The last article in this part is an "Account of some New Apples” raised in the garden of Mr. I. Swainson, Twickenham, by Mr. A. Biggs. This author appears to be a very honest and industrious gardener, who has been fortunate enough to raise apple-trees by cuttings. Mr. Biggs has also raised eight new varieties, of peculiar excellence: he enumerates above seventy different kinds, which he has cultivated in Mr. Swainson's garden.

The Second Part of the first volume of these transactions has appeared, and shall be noticed in our next. Of the merit of the work our readers can judge from the above abstracts. Its novelty and interest will, we hope, attract the attention of practical as well as amateur gardeners.

English Bards and Scotch Reviewers. A Satire. 12mo.

pp. 54. Cawthorn; Cockspür-street. 1809. THE writer of this satire laments, in common with every friend to genius and literature, that the estimable author of the Baviad and Mæviad, a writer exceeded by no poet ancient or modern, in taste, talents, integrity, and every amiable quality of heart and mind, should have devoted his attention to subjects which prevent him from pursuing his satirical career, the beginuing of which was productive of so much advantage to the public,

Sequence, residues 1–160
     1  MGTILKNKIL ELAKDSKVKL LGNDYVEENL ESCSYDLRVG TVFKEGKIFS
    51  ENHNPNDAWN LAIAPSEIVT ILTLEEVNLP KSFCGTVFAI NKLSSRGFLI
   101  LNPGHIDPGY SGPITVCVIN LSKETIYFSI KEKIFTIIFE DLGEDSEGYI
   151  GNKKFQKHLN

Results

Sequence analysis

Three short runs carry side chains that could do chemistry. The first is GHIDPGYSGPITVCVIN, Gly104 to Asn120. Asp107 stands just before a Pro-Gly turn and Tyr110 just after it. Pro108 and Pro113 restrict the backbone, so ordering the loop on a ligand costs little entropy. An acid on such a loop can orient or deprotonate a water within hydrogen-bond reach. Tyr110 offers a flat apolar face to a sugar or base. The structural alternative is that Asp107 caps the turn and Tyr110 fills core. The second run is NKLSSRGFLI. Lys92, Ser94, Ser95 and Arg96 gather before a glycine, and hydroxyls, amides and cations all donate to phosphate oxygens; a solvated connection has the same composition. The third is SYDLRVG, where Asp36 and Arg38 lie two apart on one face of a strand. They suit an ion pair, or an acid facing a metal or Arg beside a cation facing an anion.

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We are happy, however, to find that so able a successor .
bras resolved to follow his example.

This satirist has made a bold and vigorous effort to stem
the tide of popular prejudice, by exhibiting the defects
of some of the most popular productions of the present
age. The Lay of the Last Minstrel is, one of the first
poems which he thus analyses. He pays a just tribute
to the genius of the author, but does what ought to be
more acceptable to him --gives him some good and salutary
advice. He then passes on to some of the minor bards, such
as that. murderer of English prose, Mr. Wordsworth,
and his simple associates. He stops on the way to offer
a monitory hint to Lord Strangford respecting his trans-
lation of the Lusiad of Camoens.